This art-meets-robot has the grueling task of standing on one foot all day long while other robots get to bend to their heart’s content. It balances on that single point by adjusting its center of gravity with six pendulum-like appendages. To make the system more like the Borg, each of those six modules shares sensor data with the rest and work together to keep the unit upright. Give in to loving the design because resistance is futile.
23 thoughts on “Balancing Cube Looks More Like A Star”
Interesting, but wouldn’t a gyroscope (or several) be a more elegant (and possibly more robust) solution to this engineering problem?
What ? No spinning standing on one corner.
Still a cool hack though !
Now attach a pencil to the tip and make it graph its movements. That’d be interesting.
Also, how long until it finds the perfect balance? :D
(I’m kidding, of course.)
I would love to have that displayed in my house (when I buy one.) VERY cool
If only the future held self-balancing buildings like this ;-)
Solid looking good stuff. Yey!
my first thought was buildings, too.
Wow, great control loop design. When he pushes it, it returns to center with no overshoot. That’s difficult to achieve without serious work.
Not that difficult, PID controllers don’t need that much tuning to get the overshoot small enough for you not to be able to see it from ~2m away…
But yes, this is pretty cool.
I want to see it remember what edge/corner it was balancing on and try to right itself after somebody knocks it over.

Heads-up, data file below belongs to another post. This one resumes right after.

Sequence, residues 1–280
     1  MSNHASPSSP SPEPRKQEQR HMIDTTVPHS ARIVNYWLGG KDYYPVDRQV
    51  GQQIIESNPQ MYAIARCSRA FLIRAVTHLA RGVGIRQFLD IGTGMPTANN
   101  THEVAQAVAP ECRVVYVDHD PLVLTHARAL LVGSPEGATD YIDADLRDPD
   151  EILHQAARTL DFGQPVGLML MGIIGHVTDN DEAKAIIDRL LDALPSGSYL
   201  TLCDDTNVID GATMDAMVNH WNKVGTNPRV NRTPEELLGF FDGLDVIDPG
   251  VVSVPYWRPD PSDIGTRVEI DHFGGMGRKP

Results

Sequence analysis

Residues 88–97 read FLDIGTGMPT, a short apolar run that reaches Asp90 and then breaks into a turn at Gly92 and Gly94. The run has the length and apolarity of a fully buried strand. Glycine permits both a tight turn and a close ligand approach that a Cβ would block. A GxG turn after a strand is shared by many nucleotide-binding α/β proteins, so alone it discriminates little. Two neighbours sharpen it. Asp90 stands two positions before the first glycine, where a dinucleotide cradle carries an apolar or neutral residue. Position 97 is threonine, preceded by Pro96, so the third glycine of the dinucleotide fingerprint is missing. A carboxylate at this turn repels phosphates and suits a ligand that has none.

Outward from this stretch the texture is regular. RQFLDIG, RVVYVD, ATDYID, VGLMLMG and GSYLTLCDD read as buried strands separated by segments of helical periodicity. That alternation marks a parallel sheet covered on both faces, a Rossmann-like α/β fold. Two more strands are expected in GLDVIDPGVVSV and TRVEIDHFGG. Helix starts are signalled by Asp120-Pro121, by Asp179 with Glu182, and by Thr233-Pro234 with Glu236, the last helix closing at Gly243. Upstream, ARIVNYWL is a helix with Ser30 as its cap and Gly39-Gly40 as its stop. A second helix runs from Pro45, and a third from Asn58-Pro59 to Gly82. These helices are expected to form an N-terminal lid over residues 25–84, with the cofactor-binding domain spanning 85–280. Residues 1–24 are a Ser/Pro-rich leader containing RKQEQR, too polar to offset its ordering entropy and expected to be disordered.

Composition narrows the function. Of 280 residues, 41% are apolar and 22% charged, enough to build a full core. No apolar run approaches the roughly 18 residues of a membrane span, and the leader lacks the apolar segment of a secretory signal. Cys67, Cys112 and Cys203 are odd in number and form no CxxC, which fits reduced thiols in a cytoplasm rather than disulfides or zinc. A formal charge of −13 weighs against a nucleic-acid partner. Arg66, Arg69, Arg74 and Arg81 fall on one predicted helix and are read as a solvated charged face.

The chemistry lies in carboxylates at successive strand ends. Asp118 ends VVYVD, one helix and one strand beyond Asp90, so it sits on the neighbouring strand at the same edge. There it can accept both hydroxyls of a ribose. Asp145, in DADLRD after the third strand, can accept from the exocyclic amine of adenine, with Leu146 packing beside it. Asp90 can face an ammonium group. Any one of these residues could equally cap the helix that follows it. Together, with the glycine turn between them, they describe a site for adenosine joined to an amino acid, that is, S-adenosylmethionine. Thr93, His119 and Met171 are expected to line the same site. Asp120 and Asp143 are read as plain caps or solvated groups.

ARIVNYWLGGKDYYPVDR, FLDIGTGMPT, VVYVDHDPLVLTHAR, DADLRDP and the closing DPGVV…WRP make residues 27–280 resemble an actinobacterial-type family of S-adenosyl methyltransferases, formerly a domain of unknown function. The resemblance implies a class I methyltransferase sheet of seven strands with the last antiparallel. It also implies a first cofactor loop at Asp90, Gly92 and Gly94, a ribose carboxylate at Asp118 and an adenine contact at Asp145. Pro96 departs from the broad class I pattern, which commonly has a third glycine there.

Best. Title. Ever.
lol the title is epic agreed
they have to make little toys like this, like a rubik’s cube that can stand on one point, it would freak people out i want one!
nice but i think a gyroscope will be more eficient
What, no trolls? Careful, could be a trap!
Seriously though, this is truly impressive. This thing looks more stable than most humans I know standing on one foot!
This would be a very interesting and ideal application to program with a neural network too
My ghod, it’s full of…of like…balance or something.
It does actually overshoot a little, as you’d expect, but it is impressive control.
It would be cool if you pushed it from point to edge and it kept right on balancing…
but can you spin it?!
if the corners were roller bearings instead, i wonder if you could push it harder. it looks like it would handle a horizontal push fine but not so much an applied moment.
But I just invented a sphere that balances on any side.
this is weird.
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